Article Courtesy of The
Palm Beach Post
By Alexandra Clough
Published August 8, 2019
The Bear’s Club lawsuits are a window into the world of elite private country
clubs. Membership in the Bear’s Club costs hundreds of thousands of dollars and
homes sell for millions of dollars. For all their money, however, residents fear
challenging Jack Nicklaus.
Maybe it’s the heat,
or maybe it’s the humidity. Whatever the reason, legal
issues at the Bear’s Club have reached a boiling point this
summer, with the filing of a third lawsuit against the
Jupiter community built by golf great Jack Nicklaus.
For months, some residents have been upset about the way
Nicklaus runs the community, which is home to numerous
professional athletes including NBA great Michael Jordan and
pro golfer Michelle Wie.
According to some residents, the cost of maintaining the
community increasingly has shifted to the Bear’s Club
homeowners, with no say from them, according to a lawsuit
first filed in December by a Bear’s Club resident, David
After residents began complaining about the expenses and
other management issues, Nissen alleged Nicklaus improperly
seized control of the homeowners’ association, dumped the
existing board members and appointed his own people to the
board. Nissen’s lawsuit calls on a judge to turn the
association back over to homeowners.
The entrance to the Bears Club in Jupiter.
The Bear’s Club, east of Interstate 95 and just north of Donald Ross Road, is
unique because it was designed by Nicklaus, who lives in the community and still
wields control. The community features about 80 homes, villas and cottages,
situated around The Bear’s Club golf course and clubhouse.
In November, Nicklaus wrote a letter to homeowners explaining that he replaced
the association board because the Bear’s Club was established in a particular
way to avoid disputes that afflict other residential communities.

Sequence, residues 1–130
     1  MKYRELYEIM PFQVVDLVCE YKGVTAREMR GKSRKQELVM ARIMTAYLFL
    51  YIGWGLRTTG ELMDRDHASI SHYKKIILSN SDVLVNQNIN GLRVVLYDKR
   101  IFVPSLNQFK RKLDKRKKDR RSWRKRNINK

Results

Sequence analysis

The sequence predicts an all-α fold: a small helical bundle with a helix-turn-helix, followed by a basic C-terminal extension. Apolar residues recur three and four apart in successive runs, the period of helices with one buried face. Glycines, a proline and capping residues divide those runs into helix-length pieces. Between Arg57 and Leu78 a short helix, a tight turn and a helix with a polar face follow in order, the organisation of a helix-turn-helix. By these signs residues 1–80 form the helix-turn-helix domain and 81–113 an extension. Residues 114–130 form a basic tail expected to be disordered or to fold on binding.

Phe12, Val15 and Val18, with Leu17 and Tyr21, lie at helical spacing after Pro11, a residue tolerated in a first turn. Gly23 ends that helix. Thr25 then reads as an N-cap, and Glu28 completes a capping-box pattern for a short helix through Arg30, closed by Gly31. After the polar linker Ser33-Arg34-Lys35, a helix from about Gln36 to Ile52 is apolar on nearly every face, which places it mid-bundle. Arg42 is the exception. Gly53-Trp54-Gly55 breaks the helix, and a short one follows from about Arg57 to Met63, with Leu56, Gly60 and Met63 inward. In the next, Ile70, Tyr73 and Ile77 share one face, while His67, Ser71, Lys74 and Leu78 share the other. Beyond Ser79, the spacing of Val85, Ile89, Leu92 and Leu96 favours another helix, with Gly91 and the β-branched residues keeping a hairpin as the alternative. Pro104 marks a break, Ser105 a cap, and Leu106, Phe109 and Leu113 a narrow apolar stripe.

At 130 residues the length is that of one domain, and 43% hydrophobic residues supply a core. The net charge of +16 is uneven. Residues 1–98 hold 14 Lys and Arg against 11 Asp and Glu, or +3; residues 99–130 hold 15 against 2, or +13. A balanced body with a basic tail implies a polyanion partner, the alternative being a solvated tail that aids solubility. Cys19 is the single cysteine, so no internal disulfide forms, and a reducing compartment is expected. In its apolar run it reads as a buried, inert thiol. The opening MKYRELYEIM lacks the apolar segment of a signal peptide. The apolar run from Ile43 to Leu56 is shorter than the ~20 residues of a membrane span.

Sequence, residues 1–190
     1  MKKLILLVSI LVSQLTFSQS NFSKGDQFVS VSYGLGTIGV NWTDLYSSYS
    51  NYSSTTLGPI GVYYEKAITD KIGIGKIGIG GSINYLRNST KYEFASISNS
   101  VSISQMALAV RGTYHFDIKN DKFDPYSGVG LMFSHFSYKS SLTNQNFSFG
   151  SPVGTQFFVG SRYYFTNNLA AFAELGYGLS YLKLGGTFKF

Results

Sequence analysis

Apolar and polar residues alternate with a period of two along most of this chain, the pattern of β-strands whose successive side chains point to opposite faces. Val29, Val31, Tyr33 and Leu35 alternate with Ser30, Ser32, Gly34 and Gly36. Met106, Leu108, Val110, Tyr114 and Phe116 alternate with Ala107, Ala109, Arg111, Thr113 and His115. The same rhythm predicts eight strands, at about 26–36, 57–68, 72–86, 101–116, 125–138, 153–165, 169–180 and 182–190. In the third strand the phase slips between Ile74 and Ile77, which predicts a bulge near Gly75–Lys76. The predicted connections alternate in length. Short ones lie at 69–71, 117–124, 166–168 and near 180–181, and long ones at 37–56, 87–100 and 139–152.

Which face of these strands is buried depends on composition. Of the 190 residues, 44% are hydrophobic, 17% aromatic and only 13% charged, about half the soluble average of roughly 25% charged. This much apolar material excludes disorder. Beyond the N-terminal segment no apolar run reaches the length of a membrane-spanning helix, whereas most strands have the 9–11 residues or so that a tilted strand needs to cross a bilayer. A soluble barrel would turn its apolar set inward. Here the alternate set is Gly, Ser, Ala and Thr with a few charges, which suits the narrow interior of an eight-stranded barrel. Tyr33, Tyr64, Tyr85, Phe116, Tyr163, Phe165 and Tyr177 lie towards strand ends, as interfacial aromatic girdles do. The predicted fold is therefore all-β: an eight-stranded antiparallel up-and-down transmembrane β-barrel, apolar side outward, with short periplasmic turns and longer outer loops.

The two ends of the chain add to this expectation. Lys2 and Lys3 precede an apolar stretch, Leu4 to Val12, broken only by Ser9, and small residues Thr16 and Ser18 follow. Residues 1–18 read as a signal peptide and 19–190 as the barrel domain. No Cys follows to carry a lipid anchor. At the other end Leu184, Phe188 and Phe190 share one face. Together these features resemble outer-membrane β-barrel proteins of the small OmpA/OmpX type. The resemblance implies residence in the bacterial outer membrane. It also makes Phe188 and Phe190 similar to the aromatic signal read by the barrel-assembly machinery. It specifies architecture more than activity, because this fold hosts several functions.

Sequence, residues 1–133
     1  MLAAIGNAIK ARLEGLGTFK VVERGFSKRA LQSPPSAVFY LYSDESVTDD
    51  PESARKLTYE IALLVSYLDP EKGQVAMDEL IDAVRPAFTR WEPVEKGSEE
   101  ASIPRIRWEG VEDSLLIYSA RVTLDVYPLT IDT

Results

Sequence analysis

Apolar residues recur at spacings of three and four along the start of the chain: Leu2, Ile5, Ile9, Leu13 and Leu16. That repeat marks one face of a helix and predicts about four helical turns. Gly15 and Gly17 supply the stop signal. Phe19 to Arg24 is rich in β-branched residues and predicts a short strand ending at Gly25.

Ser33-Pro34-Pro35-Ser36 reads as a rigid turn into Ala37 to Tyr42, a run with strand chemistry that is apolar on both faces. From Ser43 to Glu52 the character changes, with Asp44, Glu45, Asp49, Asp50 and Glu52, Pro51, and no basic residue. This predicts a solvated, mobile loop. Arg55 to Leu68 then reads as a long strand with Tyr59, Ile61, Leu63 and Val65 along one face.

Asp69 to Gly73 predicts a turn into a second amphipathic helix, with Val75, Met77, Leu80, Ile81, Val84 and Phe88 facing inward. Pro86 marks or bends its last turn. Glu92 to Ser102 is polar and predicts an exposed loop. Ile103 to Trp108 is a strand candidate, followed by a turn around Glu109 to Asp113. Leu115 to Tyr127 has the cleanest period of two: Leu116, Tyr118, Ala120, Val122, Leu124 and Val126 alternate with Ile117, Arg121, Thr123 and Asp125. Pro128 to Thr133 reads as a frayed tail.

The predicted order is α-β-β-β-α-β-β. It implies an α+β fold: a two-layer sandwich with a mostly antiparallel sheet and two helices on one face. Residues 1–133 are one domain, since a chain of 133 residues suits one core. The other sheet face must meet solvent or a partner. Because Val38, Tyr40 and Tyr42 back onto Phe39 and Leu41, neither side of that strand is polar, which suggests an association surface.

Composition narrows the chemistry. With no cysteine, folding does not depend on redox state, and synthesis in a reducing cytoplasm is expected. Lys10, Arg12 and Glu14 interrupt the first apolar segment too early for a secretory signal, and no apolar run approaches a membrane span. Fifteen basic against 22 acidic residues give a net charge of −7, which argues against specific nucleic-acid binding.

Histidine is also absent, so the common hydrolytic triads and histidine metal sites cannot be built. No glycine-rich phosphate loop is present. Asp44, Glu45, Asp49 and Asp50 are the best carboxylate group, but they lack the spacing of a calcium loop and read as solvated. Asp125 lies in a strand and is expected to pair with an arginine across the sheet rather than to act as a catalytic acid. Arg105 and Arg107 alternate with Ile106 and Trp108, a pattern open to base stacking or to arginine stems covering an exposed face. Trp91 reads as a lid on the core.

The golf club, owned by 35 founding members, has majority voting power on the
association. This makes the Bear’s Club residential community a place where
homeowners “bask in the glory of adjacency to a spectacular golf facility,”
Nicklaus’ lofty language upset some people, including Nissen, who said in his
lawsuit that homeowners in associations still have rights under Florida law.
The letter “sets Nicklaus up as the king and residents should be lucky they are
his minions,” said Spencer Sax, Nissen’s lawyer.
Nicklaus lawyer Eugene Stearns said the letter was misunderstood. Stearns said
Nicklaus was trying to explain why exclusive golf clubs are “very special.
There’s a certain golf mystique about how you conduct yourself.”
The Bear’s Club lawsuits, filed in Palm Beach County Circuit Court, are a window
into the world of elite private country clubs. Membership in the Bear’s Club
costs hundreds of thousands of dollars. Homes in the community sell for millions
For all their money, however, residents fear challenging Nicklaus because they
are afraid they will be banned from the club.
An example is Gary Sellers, a resident and former club member. He’s a former
partner in the New York law firm of Simpson, Thacher & Barlett, serving as lead
counsel to Sirius Satellite Radio in its merger with XM Satellite Radio in 2009.
Sellers challenged the way Nicklaus ran the Bear’s Club, and was subsequently
removed as association president, according to a March lawsuit he filed against
the Bear’s Club founding partners; Jack Nicklaus; his son, Gary Nicklaus; the
Bear’s Club Development Co.; Golden Bear Properties and other Nicklaus entities.
In the lawsuit, Sellers said he also was ousted from the golf club and the
contents of his two club lockers were dumped onto his front lawn. Adding insult
to injury, Sellers alleges he then was “blackballed” from joining other clubs,
such as the Loxahatchee Club in Jupiter, after Nicklaus and other defendants
said false things about him.
Nicklaus called Sellers’ allegations “simply made up” in a June 27 motion
seeking to throw out Sellers’ lawsuit.
“Jack Nicklaus has never made any false or defamatory statements about Gary
Sellers to anyone,” the motion said.
Last month, on June 25, Sellers filed another lawsuit, the third against the
Bear’s Club and various Nicklaus entities. This lawsuit is a derivative suit,
filed on behalf of the Bear’s Club Property Owners’ Association.
This complaint seeks to protect Sellers and the Bear’s Club residential
community from the defendants, whom Sellers allege have “free reign to abuse
their powers to benefit them personally.”
The lawsuit came after Sellers sent the association a letter in March, demanding
an investigation into what he termed self-dealing by the people on the
association’s board of directors, specifically seeking the removal of Gary
Nicklaus and Robert Wesselman, the golf club’s general manger and chief
It seems the association isn’t particularly interested in having Sellers take up
In a letter to Sellers, an association lawyer said the association “simply wants
to remain neutral” on issues between Sellers and those he is suing.
Nissen now is also seeking redress for homeowners. In June, he amended his
lawsuit to also serve as a shareholders derivative suit.